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one of the car audio companies has a left/right image shifter that uses an all-pass analog delay, a little box, knob, whatever... who was it, Focal?

and I remember something about a chip, an analog, perhaps Texas Instruments? That was supposed to make adjustments in analog and had great potential, sort of the Raspberry Pi but audio oriented?

anyways, just rambling about, I feel like the complicated method of creating filters for a specific application and putting that into a car's audio, is just like hammering a screw into the wood, when a digital screwdriver gets it done with much less effort and drama.
 

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Good points!
Home Theater is more of a captive audience, seated closer to the source. Room reflections are more of the later reflections which don't actually occur in an automotive environment due to the small size. Later reflections are not as undesirable as early.
Exactly

Is there now a Home Theater style/type driver?
Not sure what you mean by this?

The Horizontal MTM or Line Array has really no other purpose except for a center channel under a screen in Home Theater. These still use non-specific home audio style drivers.
A horizontal MTM is a bad choice as a CC in a HT because it promotes vertical dispersion while limiting horizontal dispersion. They're just used for aesthetic reasons.


I would also think a highly efficient tweeter aimed directly at the listener would/should/could also not need as much power nor be as loud which minimizes the energy available to be reflected in the first place.
I would think so as well, but according to mojozoom's graphs, it seems like aiming the left tweeter parallel to the drivers door is the way to go. Which isn't that bad, but may cause a minor issue with narrow directivity horn tweeter we're talking about.

Kind of combining the two thoughts we have going on here, in an attempt to limit horizontal dispersion, how about a horizontal MTM on the dash?
You've got limited horizontal dispersion (good), pretty much the same vertical dispersion as a horizontal MT (ok), and better efficiency (good).
The only downside is packaging - most people won't be able to fit 5-1/4" drivers. However, an MTM with Aura NS3's and a 1" smaller faceplate tweeter should fit fine....
 

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Here's the separation data for on-axis aiming compared to aiming parallel to the drivers door glass. Keep in mind this is for the left side which is pretty sensitive:




Here's the data for on-axis compared to aiming at the rear view.



These tweeters show no drop in output at 45 degrees off-axis until you get out past about 5k hz, so that may explain a little of what we see in the first graph.

I think this process should be a little cleaner on the left side tweeter and give more distinct results.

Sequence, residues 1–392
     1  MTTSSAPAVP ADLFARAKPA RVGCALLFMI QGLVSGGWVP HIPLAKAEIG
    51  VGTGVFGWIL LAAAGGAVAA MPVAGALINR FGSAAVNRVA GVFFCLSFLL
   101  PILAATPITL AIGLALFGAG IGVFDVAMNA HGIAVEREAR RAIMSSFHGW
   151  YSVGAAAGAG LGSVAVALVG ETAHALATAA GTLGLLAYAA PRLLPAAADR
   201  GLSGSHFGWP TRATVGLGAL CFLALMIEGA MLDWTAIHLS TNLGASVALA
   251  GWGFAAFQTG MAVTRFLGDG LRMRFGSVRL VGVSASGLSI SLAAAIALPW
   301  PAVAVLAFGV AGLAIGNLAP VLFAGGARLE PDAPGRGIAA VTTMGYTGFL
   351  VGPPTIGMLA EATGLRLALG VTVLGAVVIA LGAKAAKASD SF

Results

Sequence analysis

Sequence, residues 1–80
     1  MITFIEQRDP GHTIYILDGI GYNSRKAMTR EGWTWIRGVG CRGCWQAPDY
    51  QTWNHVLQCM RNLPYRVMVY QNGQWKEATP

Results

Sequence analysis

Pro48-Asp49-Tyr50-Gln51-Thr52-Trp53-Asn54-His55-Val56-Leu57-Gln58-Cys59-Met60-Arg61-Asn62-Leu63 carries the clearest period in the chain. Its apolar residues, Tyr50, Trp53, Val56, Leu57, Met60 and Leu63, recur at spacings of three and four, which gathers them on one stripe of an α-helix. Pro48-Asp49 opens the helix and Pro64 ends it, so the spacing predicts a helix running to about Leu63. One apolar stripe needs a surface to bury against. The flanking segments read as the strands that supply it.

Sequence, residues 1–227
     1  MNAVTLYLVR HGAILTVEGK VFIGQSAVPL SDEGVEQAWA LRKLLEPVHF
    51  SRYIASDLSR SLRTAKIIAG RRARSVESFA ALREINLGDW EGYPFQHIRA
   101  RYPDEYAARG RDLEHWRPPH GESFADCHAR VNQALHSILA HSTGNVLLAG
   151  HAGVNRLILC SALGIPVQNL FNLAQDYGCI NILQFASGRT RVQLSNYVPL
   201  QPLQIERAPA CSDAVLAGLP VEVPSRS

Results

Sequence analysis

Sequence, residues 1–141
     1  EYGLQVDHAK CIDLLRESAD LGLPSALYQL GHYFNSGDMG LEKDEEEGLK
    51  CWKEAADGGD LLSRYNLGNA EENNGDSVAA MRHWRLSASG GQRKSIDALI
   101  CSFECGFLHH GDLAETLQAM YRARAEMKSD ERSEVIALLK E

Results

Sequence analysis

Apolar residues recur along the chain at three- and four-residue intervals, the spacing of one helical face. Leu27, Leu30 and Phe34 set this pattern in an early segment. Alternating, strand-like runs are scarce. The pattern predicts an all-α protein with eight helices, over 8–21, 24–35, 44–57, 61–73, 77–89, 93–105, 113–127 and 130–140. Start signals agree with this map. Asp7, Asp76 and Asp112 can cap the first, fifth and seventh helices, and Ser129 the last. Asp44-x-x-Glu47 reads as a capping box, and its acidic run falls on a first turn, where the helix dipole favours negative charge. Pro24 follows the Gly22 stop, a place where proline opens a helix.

Sorry if I'm a bit behind the times on this one, but are you only using the left tweeter as your source, with L and R microphones?
 

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There is a huge misunderstanding here about on and off axis. For speakers used within their piston range, on axis and off axis produce the same response. For example, below 300Hz for a 6" midbass, there is no real difference between the on axis and the off axis response between 0 and 90 degrees. The same is true for a 3" midrange below 3kHz. Those are pretty standard crossover points. We use the tweeter all the way up to 20k, so we are forced to use it in a range where its dispersion narrows.

What this means is that AIMING IS UNNECESSARY IF YOU CHOOSE CROSSOVER POINTS IN RANGES WHERE THE SPEAKER'S DISPERSION IS WIDE. Aiming of the tweeter may be helpful.

The second big misunderstanding here is the idea that there are early and late reflections in the car. While reflections from the dash and windshield are shorter than reflections from the back of the car, they are ALL too short to be perceived as stage and room. Think about it. IF you go to a concert at a venue like radio city music hall, the ENTIRE car could be parked on the stage. While the early and late reflections from the concert space might be included in the recording, they CANNOT BE REPRODUCED realistically by two speakers mounted in the car. If they are included in the recording, it's like the entire space has been reduced to the space inside the car. If you want to attempt to reproduce the larger space, you have to have a way to create the late reflections and the early reflections of the larger space. Since some of them come from the back, you need rear speakers with lots of delay that reproduce ONLY that ambient information. Adding more speakers with appropriate delay and steering of the ambient information contained in the recording can create a better reproduction of the original space, but only if the ambient information is included in the recording.

A room synthesis algorithm adds an arbitrary space to the sound of the recording--like changing the size of the car to the size of some other listening room in which the two stereo loudspeakers are placed.
So if we were to apply this to an example from an earlier post about the BMW with the woofer under the seat, if it's crossed below 300Hz, aside from the fact that there is a big physical obstruction (your ass) on top of the driver, would/could it sound and blend as good with the 3" mid high on the door and tweet in the sail compared to a woofer that was, say, on the bottom of the door panel?